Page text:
Fenves says UT to boost financial aid, faculty pay, career advice


Helping students of modest means attend UT goes to its core mission of unlocking potential, Fenves said.

The UT president called a soon-to-begin clinical program at the Dell Medical School “a big deal.”

University of Texas President Gregory L. Fenves announced Tuesday that UT would increase financial aid for low- and middle-income students, boost faculty salaries to be more competitive, expand job-placement services for graduating students and, later this fall, launch a patient care group practice at the Dell Medical School.

Fenves outlined these and other initiatives at his third state of the university address, delivered from a stage at UT’s McCullough Theatre.

“Our efforts take time. They take investment. They take passion, imagination and creativity. But that’s what’s required of us as a leading flagship university, and we embrace the challenge,” the UT president said in a decidedly upbeat speech.

A year ago, in his second state of the university address, Fenves outlined efforts to foster deeper intellectual inquiry, enhance diversity and increase financial aid for students from middle-income families.

IN-DEPTH: A fast start for UT’s new leader

He said then that the university would draw from reserves to commit an additional $15 million in financial aid grants over the next two years to students from middle-income families with annual incomes starting at $60,000. UT students from families with incomes under $60,000 typically get tuition fully covered by grants.

In his remarks Tuesday, he did not say how much additional financial aid he wanted to earmark for low- and middle-income students. He did say, however, that it would be on a recurring basis thanks to additional endowment proceeds recently authorized for the flagship campus by the UT System Board of Regents. And he ascribed his desire to make it possible for more students of modest means to attend the university to an overarching sense of what the institution is all about.

“Our deepest purpose as a university,” Fenves said, “is to unlock potential.”

To that end, the UT president cited a recent study showing that nearly half of UT students who graduated in the early 2000s and who came from families in the lowest income quintile are now earning at least twice what their families earned. “For these graduates, this is the American dream come true,” he said.

HOW HE GOT THE JOB: Fenves known for strategy, attention to detail

Fenves did not offer a price tag for what he described as “a multiyear effort to focus on salary competitiveness after years of falling behind other top-ranked universities.” He couched that initiative in the context of investing in excellence, both in hiring and retention: “Our purpose as a research university can only be fulfilled by having the best faculty to drive education and discovery.”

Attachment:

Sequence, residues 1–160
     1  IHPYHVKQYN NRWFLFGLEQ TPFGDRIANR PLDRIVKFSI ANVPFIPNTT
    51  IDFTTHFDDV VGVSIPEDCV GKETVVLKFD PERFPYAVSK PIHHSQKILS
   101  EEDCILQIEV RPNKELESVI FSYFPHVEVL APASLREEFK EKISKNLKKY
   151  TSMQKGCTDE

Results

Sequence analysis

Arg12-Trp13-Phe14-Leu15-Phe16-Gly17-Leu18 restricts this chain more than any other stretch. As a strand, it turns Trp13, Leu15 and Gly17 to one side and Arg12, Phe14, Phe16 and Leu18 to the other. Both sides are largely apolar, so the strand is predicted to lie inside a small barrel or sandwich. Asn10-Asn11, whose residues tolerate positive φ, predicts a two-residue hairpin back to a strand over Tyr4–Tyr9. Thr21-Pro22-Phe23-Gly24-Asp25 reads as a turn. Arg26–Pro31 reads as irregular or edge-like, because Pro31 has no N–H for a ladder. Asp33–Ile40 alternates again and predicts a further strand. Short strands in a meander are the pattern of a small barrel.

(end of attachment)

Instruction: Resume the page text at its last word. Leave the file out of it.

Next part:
He said it was “a big deal” that the medical school’s clinical programs would be starting “a mere five years” after Travis County voters approved property tax funding for the school. Patients will be seen at the medical school’s Health Transformation Building.

He said the clinical programs would complement the university’s partnerships with Central Health, the county’s health care district, and the Seton Healthcare Family, a Catholic hospital system that opened the Dell Seton Medical Center in May.

IN-DEPTH: UT’s medical school is key to Austin’s ‘model healthy city’ ambitions

As for career services, Fenves said UT would establish a College to Career program in the next year to help place students in their first post-college jobs. The program will be in addition to existing career services at UT’s various colleges and schools.

On a related matter, he called on faculty members in every department to provide all undergraduates with the opportunity to participate in so-called experiential learning — hands-on training that can round out academic training with skills useful throughout life. As an example, he cited a new bachelor of science degree in arts and entertainment technologies at the College of Fine Arts that blends artistic expression with training in using the latest technology.

Fenves told the American-Statesman after his speech that he would present detailed cost figures on the financial aid and salary initiatives at a regents’ meeting this fall. He said he was grateful to the regents for increasing the university’s share of the annual endowment payout, which helps make the initiatives possible. The regents boosted the university’s share by 4 percentage points, or $24 million more than it had been scheduled to get, to $338 million for the budget year that began Sept. 1.

UT is making progress toward its goal of a 70 percent four-year graduation rate. The latest figures are expected in the coming days. “We’re not going to hit 70,” Fenves told the Statesman, “but we’re going to be close.”

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